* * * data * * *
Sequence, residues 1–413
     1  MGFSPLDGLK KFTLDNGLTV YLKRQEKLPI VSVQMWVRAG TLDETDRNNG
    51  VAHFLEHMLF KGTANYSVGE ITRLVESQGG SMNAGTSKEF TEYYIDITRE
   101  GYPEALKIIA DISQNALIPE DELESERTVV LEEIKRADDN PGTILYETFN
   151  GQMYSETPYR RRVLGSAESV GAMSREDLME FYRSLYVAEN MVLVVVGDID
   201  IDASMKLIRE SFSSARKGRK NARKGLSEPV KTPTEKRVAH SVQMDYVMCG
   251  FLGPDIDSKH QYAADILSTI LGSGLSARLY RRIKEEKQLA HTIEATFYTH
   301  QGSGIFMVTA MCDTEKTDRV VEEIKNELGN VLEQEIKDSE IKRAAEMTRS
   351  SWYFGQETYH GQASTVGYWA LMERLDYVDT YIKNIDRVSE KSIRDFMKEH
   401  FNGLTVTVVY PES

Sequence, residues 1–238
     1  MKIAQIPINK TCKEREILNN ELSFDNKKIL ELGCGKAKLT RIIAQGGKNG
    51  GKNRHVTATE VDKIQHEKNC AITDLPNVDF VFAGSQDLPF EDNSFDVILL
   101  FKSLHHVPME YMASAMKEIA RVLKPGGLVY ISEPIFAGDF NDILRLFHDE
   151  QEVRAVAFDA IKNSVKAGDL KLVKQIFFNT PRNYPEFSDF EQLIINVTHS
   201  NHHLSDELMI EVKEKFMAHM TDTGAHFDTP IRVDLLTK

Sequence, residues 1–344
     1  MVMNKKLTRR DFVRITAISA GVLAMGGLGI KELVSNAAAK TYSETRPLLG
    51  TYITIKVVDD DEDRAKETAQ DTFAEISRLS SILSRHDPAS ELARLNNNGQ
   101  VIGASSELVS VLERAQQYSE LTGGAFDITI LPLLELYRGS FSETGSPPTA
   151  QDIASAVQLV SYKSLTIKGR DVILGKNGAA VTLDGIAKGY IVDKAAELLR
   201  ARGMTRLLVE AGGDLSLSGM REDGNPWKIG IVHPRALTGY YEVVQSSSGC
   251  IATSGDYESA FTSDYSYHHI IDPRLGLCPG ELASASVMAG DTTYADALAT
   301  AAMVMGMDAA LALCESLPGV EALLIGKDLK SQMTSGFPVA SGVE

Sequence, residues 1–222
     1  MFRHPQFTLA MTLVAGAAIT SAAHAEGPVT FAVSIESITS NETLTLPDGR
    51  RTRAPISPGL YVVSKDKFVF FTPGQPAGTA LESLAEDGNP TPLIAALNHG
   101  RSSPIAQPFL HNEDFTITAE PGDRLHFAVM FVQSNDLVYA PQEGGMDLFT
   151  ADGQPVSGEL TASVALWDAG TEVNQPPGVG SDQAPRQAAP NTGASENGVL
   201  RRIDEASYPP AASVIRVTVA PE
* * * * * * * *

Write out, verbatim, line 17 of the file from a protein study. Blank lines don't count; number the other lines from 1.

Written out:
Sequence, residues 1–344